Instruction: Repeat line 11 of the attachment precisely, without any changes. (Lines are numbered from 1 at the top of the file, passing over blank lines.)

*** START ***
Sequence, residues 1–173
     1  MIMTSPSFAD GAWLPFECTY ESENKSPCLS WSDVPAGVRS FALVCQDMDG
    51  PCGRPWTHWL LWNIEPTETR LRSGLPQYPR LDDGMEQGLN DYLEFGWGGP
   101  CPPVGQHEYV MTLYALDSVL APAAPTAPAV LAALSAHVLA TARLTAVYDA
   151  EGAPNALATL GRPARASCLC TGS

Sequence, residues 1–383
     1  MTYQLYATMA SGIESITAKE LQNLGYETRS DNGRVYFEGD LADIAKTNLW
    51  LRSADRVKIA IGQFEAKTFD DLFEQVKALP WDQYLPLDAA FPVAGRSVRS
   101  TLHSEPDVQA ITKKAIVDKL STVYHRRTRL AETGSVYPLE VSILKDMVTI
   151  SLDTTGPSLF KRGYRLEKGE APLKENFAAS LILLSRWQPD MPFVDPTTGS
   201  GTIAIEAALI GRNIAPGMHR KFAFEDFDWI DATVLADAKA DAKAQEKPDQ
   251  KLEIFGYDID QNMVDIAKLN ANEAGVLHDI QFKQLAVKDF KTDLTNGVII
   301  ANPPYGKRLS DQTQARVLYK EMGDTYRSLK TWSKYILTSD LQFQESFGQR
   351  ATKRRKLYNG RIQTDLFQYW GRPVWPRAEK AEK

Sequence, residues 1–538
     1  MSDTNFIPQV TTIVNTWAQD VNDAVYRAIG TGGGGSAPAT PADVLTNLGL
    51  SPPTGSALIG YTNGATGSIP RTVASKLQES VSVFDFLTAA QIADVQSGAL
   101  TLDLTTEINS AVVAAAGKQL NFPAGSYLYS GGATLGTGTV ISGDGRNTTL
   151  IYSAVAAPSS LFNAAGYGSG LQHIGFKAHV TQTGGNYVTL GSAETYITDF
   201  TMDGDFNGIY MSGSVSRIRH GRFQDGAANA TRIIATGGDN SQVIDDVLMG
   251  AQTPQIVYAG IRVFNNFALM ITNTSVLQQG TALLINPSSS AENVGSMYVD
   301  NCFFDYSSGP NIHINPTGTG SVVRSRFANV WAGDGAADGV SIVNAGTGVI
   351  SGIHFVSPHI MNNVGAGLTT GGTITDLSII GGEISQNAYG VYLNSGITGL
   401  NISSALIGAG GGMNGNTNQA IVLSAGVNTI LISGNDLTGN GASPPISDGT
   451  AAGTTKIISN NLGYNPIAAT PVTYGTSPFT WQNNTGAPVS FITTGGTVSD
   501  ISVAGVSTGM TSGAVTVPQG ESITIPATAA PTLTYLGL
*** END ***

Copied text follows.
   201  GTIAIEAALI GRNIAPGMHR KFAFEDFDWI DATVLADAKA DAKAQEKPDQ